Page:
One thing Rhodesians could be trusted on, was doing that which their country — even no matter how bizarre — wanted done.
The Rhodesians would do it, no lip service, something that Zimbabweans find hard — if not impossible altogether — to do.
Zimbabweans behave like visitors or passers-by, who cannot make definite decisions and implement them.
If anything, they can only do that which they cannot avoid doing because if they can avoid do it, it would never be done.
Of late the most euphonious tune “illegal sanctions imposed by the West” has made it so easy for one mandarin after the other to escape responsibility and accountability.
Yet it can be remembered that towards the end of the settler colonial rule in this country, Rhodesians were under real — not imagined — economic sanctions.
Instead of being crybabies, they made sure they displayed the best of themselves to the world.
After the future leader of Mozambique Samora Machel closed his country’s border with Rhodesia, in 1974 Rhodesians decided to open another export route to South Africa, by building a railway line linking Rutenga and Beitbridge.
Although engineering experts put the timeline for the construction of the 145 km railway line to take 24 months to complete, such was the commitment of the Rhodesians that the project was completed in a world record time of just 93 days, 21 months ahead of schedule.
In cruel comparison, it has taken the people’s Government of Zimbabwe nearly 20 years just to plan the construction of a 30 km railway line linking Harare and its dormitory town of Chitungwiza.
Many people marvel at the engineering feat displayed at the Victoria Falls Bridge.
For anyone to believe it took the Rhodesians just 14 months to construct the 198-metre long steel structure across the might Zambezi River would appear like a real miracle.
Another jaw-dropping project, the Birchnough Bridge across Save River, at 329 metres, was the third longest single-arch suspension bridge in the world when it was completed in 1935.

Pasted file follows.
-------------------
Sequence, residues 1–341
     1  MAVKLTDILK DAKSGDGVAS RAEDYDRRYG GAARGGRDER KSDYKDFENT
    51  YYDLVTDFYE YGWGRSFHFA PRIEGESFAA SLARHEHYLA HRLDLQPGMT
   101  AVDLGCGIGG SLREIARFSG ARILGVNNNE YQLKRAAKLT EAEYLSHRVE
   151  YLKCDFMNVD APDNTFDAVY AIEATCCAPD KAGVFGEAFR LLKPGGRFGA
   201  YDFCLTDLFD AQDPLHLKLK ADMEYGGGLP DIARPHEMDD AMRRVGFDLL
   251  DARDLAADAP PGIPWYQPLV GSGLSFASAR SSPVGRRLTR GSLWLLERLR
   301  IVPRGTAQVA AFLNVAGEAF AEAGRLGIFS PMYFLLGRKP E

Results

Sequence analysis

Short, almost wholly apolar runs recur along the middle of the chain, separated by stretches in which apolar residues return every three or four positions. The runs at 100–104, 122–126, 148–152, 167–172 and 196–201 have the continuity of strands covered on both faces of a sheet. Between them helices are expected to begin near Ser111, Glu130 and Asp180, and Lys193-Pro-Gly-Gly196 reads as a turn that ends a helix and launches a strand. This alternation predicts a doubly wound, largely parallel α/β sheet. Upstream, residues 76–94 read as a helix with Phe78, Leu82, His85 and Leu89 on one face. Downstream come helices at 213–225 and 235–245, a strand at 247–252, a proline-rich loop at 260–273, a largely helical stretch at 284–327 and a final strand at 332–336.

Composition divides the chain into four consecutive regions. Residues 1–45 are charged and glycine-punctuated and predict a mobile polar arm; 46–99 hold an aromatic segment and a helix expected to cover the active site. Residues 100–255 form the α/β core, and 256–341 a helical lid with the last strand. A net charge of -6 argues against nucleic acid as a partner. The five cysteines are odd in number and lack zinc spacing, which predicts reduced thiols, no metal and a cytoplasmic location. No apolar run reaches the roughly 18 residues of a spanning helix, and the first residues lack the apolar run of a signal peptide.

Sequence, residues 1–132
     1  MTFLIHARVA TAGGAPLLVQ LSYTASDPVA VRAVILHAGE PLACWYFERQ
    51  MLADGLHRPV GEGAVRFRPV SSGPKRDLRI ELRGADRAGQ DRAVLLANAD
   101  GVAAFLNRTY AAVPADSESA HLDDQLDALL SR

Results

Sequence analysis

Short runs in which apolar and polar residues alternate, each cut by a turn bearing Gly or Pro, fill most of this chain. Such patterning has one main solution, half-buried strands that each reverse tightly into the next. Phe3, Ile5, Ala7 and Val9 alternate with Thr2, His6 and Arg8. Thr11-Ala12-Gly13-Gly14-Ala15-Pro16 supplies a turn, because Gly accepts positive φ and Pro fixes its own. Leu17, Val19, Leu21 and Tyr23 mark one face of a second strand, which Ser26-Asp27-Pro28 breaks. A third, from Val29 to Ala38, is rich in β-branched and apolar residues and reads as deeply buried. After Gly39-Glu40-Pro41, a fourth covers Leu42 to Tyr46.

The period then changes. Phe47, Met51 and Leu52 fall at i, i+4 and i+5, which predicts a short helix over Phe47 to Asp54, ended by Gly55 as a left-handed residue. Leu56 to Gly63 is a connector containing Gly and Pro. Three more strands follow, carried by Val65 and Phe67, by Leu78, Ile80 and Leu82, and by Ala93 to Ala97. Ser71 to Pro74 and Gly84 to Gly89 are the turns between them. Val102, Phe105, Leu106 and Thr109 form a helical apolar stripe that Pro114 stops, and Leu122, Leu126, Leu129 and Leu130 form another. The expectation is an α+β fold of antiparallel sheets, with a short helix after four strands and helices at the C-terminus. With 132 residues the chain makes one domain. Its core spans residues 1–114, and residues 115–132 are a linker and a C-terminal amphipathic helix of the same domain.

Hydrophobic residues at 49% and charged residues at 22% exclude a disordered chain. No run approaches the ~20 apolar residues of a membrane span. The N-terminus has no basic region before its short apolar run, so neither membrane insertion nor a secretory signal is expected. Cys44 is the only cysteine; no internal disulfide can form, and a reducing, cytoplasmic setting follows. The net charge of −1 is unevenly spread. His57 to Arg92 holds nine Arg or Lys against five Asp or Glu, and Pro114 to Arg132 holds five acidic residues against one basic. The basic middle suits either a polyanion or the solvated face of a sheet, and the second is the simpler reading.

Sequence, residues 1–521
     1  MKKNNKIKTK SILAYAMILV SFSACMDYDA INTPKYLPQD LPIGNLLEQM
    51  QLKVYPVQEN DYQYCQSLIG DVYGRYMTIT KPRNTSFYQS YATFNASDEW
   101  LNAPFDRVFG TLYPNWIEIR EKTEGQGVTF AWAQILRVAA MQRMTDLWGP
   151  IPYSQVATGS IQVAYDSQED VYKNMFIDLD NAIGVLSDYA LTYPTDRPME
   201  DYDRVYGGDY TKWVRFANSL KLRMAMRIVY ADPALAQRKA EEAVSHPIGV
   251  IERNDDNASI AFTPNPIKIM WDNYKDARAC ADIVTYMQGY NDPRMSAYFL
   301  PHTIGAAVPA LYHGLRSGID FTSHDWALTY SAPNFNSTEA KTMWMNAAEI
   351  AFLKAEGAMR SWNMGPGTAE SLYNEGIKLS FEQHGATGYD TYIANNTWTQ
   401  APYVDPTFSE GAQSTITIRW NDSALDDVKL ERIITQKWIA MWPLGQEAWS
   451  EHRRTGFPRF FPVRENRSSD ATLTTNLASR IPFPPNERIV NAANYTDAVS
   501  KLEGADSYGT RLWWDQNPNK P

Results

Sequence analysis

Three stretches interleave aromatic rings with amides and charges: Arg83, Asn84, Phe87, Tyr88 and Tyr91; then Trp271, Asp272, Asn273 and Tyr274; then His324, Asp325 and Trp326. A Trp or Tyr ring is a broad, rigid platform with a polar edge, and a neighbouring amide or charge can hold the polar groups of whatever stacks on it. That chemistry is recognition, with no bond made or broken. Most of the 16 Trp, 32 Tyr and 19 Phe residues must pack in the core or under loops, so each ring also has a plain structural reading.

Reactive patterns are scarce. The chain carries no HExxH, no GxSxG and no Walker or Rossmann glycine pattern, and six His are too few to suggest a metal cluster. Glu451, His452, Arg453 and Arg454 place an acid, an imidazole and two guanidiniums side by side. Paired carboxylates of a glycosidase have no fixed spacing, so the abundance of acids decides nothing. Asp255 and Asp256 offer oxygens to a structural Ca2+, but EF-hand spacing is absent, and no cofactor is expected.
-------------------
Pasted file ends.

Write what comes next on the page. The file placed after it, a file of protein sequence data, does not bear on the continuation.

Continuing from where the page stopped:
In comparison, it took about 12-years for the Government’s ever-changing contractors to dualise the 40 km road between Harare and Norton at an unknown cost.
At this rate, one can only wonder how many centuries the dualisation of the 900 km Beitbridge-Harare-Chirundu highway could take.
It took the Rhodesians in the Federation of Rhodesia and Nyasaland just four years (from 1955-1959) to construct Lake Kariba — the world’s largest man-made water body which is four times bigger than China’s Three Gorges Dam — but it has taken Zimbabweans several decades to construct a few dams in the country such as the Tokwe-Mukosi Dam (since 1997), the Gwayi Shangani Dam, Kunzvi Dam, Manyuchi Dam, and Semwa Dam among others.
Such was the indefatigable fighting spirit of the Rhodesians that it was said everything that they put their hands on turned to gold.
The real reason why Rhodesia had to remain the last of the British colonies was simply because the British public lionised (if not outrightly feared) Ian Smith, the Rhodesian fighter pilot, who had narrowly missed death thrice while defending the Queen during the Second World War.
Infact, Rhodesians had earned their stripes by being more British than the British themselves during both WW1 and WW2.
While Britain and all her other colonies had to resort to the desperate measure of conscription and gang-pressing to raise armies to send to the war front, Salisbury — in contrast — had to put in place laws to stop its citizens from abandoning the country in order to sacrifice their lives in defence of the British Queen.
As their contribution to the WW2 effort, Southern Rhodesians single-handedly trained a third of the British, Commonwealth and Allied fighter pilots at their flight schools under the Empire Air Training Scheme… and contributed (on a pro rata basis) more men than any of the British colonies — which prompted the British Royal family, in April 1947, to travel to Salisbury to thank the Rhodesians in person for this spirit of selflessness.
In Zimbabwe today, people are busy shouting patriotic slogans in the day, while at night they are busy doing everything to advance their personal and very selfish interests. If there is anything that is never in short supply in this world, is a cheap commodity called excuse.
It is unlike the sands of the seas or the stars of the sky, this one is found almost everywhere for anyone who wants to cling onto it to do so happily, but surely no excuse — no matter how valid it sounds — has ever taken anyone anywhere.
Let us wait and see where barren patriotism and excuses will take Zimbabwe to.